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Monday, September 29, 2008

Garrett Gomez earns 3,000th Win

Gomez kept Hyperbaric close to pacesetter Tropic Storm throughout most of the race before urging the Sky Classic gelding to the lead in the final furlong.  Hyperbaric completed one mile on firm turf in 1:33.62.
The Oak Tree Mile win secured Hyperbaric a starting spot in the $2 million Breeders' Cup Mile (GI) on October 25 as part of the Breeders' Cup Challenge "Win and You're In" series.  Winning trainer Julio Canani said he will decide later if Hyperbaric will contest the Breeders' Cup Mile.
Gomez has won four Breeders' Cup races during his 20-year career.
Thoroughbred Times TODAY
Monday, September 29, 2008

Velazquez joins 4,000-win club

"This was probably the hardest 10 winners of my career," Velazquez said.  "It feels great to put it behind me and move on to other things.  As you get closer to a big number, it seems harder and harder to get there.  I had a great weekend and rode some really nice horses.  Every one of my wins was memorable to me.  Every one counts to get to 4,000.  This was a $16,000 claimer and it means a lot to me, making 4,000.  Every one of them is special."
A two-time Eclipse Award winner as the nation's leading jockey. Velazquez entered the day with 3,999 victories, having ridden two winners -- Wait a While in the Yellow Ribbon Stakes and Red Giant in the Clement L. Hirsch Turf Championship -- for trainer Todd Pletcher at Santa Anita Park on Saturday.  The previous Saturday, Velazquez rode three winners at Suffolk Downs, including Commentator's runaway victory in the Mass 'Cap.
Velazquez, 36, began his riding career in Puerto Rico after having attended jockey school there, and rode his first winner, Rodas, in 1990 at El Commandante.  In March of that year, under the guidence of Hall of Fame rider Angel Cordero, Jr., now his agent, he moved to New York, where he has been among the top 10 jockeys every year since 1991.
The leading rider in New York from 2001-2004, Velazquez just completed another successful meet at Saratoga Race Course, where he finished second in the jockey standings to Alan Garcia.
In 2004, Velazquez reached the 3,000 win plateau at Saratoga on the same day more than 35,000 fans received an official John Velazquez bobblehead doll.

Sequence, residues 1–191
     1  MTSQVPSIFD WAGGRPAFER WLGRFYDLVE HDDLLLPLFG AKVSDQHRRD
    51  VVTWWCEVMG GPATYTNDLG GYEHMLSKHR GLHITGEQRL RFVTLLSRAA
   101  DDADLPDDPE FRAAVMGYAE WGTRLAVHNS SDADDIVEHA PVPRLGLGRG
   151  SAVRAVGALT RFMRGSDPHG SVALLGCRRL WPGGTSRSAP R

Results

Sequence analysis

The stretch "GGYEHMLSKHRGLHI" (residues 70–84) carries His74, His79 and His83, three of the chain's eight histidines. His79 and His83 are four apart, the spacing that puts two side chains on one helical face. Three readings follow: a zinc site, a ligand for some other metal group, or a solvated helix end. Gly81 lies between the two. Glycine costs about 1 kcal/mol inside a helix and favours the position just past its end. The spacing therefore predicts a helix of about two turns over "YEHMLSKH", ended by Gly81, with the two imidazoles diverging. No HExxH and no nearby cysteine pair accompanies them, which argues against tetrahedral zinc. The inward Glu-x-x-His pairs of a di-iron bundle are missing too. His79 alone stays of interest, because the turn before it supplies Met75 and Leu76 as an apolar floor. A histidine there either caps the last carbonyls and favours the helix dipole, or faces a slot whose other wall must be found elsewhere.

Among his 4,000 winners were 2007 Belmont Stakes heroine Rags to Riches, which marked both his and trainer Todd Pletcher's first victory in a Triple Crown race; Flower Alley, who won the 2005 Travers, and seven Breeders' Cup wins:  English Channel (2007 Turf), Speightstown (2004 Sprint), Ashado (2004 Distaff), Starine (2002 Distaff), Storm Flag Flying (2002 Juvenile Fillies), Caressing (2000 Juvenile Fillies), and Da Hoss (1998 Mile).  NYRA Communications Department
Thursday, September 25, 2008

Lezcano Jockey of the Week

A Panama native who attended the Laffit Pincay Jockey School in his native country before moving his tack to the United States, Lezcano has earned seven North American graded stakes wins since 2004.  He rode Summer Doldrums to victory in the$750,000 Colonial Turf Cup Stakes (GIII) last year at Colonial Downs.
Lezcano, 23, is currently based at Monmouth Park.  He leads the jockey standings at the Oceanport, New Jersey, track with 133 victories through Tuesday.
Lezcano's mounts have compiled $25,871,307 in North American purse earnings through Tuesday.  In 4,542 starts, his mounts have posted 892 wins, 784 runner-up, and 662 third-place finishes.  Thoroughbred Times TODAY
Wednesday, September 24, 2008

Fund established for children of Parker Buckley

Buckley was working as an exercise rider/assistant for trainer Steve Asmussen at the time.  From 1988-2007, Buckley won 947 races from 7,306 mounts as a jockey.
He had two children, daughter Brett Michelle Buckley and son, Cameron Reid Buckley.
Donations can be made with a check payable to the Brett & Cameron Buckley Education Trust and sent to:
Premier Community Bank
32 NW Beal Parkway
Fort Walton Beach, FL  32548
Contact: The Jockeys' Guild (859) 305-0606
Tuesday, September 23, 2008

Hall of Fame Jockey Earlie Fires Retires

According to figures from Equibase Company, Fires, 61, retires with 6,470 tallies, placing him ninth on the all-time list of the sport's winningest riders.  After more than 43 years in the saddle, Fires' mount have earned $86,392,977.